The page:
Google Launched second version of Google Glass (Enterprise Edition)
Google has launched the second generation of the Google Glass Enterprise Edition, these new Google Glass are designed only for commercial use. Google Glass may have never become a fixture in regular people’s daily lives like Google may have hoped, but the wearable device keeps on trucking. Unlike Google itself, the earlier version of Google Glasses has not been widely accepted and used by the masses in their daily lives. Google said the new tech powering Glass would enable more efficient power use, better performance, and better machine learning capabilities.
As its name suggests, the Google Glass Enterprise Edition 2 builds upon the business-focused direction Google went in with the device in 2017. Glass EE 2 brings a new CPU and a host of other enhancements along with it. Glass EE 2 brings a new CPU and a host of other enhancements along with it. The new glasses come packed with a Qualcomm Snapdragon XR1 chip, which is designed for augmented and virtual reality and features a 1.7GHz clock speed, four cores, and eight-hour battery life thanks to the 820mAh cell.
First and foremost, the new glasses come packed with a Qualcomm Snapdragon XR1 chip. Google said the new tech powering Glass would enable more efficient power use, better performance, and better machine learning capabilities. That new battery can be charged using a new USB-C port, too. It also comes with a better camera, for good measure.
That nice new battery can now be charged using a new USB-C port, too. It also comes with a better camera, for good measure. Surprisingly it is better and cheaper than the older hideous version that costs $1500. It’s $999, which makes it $500 cheaper than the inferior version Google began sending out to customers in 2013. Other improvements include an increase in the camera quality, going from 5MP to 8MP in still resolution. Last but certainly not least, the newer Glass model looks significantly less silly than the old ones.
Fig: Google announced a $999 updated Google Glass
Other specs include 802.11ac WiFi and Bluetooth 5, 3GB of RAM, 32GB of storage, 720p video, a USB Type-C port for fast recharging, three onboard microphones, and a mono speaker. The original iteration of Glass wasn’t exactly the hit Google wanted it to be. Aside from the steep price, Plenty of people justifiably found it a bit creepy that others were walking around with internet-connected cameras on their faces, something that still hasn’t caught on in a big way six years later. The glasses run Android 8.1 Oreo and may be upgraded to Pie and Q in the future. Workers can use Glass to access checklists, view instructions or send inspection photos or videos, and our enterprise customers have reported faster production times, improved quality, and reduced costs after using Glass.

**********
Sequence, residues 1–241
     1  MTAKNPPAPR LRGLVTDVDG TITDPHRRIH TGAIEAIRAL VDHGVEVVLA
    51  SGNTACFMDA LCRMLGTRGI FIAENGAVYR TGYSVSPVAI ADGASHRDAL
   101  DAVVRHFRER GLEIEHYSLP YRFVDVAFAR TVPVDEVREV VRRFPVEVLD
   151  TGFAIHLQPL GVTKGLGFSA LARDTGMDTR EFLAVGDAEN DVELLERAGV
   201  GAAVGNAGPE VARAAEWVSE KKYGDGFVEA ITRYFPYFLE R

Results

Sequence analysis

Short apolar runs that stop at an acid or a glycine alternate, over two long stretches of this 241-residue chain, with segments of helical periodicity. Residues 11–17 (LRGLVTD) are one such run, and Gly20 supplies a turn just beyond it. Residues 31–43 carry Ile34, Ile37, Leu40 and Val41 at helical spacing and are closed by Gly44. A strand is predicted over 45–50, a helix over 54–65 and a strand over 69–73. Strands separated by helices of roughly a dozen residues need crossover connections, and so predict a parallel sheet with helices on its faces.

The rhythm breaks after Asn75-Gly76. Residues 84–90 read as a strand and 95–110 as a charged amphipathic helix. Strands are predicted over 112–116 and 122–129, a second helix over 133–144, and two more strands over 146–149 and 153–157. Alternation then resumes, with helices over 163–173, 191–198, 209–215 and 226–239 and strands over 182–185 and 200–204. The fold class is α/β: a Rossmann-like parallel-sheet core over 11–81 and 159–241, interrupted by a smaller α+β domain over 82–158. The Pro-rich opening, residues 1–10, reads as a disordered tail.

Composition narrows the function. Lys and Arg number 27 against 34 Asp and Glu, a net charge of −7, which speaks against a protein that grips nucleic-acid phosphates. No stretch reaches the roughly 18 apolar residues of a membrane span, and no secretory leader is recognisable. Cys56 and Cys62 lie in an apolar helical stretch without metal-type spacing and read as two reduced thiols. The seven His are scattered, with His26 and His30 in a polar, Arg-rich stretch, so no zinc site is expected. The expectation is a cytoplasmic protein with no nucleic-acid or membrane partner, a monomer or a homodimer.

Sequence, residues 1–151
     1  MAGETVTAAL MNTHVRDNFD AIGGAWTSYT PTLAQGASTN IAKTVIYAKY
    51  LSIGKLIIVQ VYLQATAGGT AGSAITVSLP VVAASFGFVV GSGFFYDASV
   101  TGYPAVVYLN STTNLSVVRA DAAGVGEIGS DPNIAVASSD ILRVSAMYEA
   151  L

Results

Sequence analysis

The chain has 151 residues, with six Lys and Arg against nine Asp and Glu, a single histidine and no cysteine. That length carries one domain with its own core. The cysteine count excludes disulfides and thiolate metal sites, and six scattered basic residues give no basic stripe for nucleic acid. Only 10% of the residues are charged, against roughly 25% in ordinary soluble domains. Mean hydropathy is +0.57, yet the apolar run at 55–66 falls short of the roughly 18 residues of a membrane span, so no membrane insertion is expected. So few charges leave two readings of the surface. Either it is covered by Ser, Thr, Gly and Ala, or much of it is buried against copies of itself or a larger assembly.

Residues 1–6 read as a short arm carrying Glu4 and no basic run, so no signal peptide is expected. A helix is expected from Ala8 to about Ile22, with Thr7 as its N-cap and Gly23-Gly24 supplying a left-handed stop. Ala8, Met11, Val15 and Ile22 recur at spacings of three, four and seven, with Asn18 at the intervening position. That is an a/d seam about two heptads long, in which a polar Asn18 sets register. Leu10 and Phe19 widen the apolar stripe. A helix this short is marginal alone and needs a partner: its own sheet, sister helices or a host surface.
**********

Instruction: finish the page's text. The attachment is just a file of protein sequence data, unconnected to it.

One person involved with the original Glass project expressed regret over the way Google handled the rollout. In 2015, Google announced Glass would go on hiatus before bringing it back in 2017 as an enterprise tool. Google boasts that businesses have reported “faster production times, improved quality, and reduced costs” by using Glass for hands-free computing or troubleshooting. Mobile device management is used to configure applications and services for devices such as mobile phones and tablets, and to control how employees use the devices. For example, if an employee loses a device, the lost device is disabled.
Google is also adding new safety frames to Glass in partnership with Smith Optics, plus a bigger battery and other upgraded components. Since then, there have been plenty of stories about how useful technology has been in more specialized circumstances. Even if Glass or other wearable face devices never become mainstream, it seems like they might still have their uses, after all. Moreover, Google has already released a consumer-focused computer vision tool called Lens, which offers features like sign translation and restaurant recommendations.
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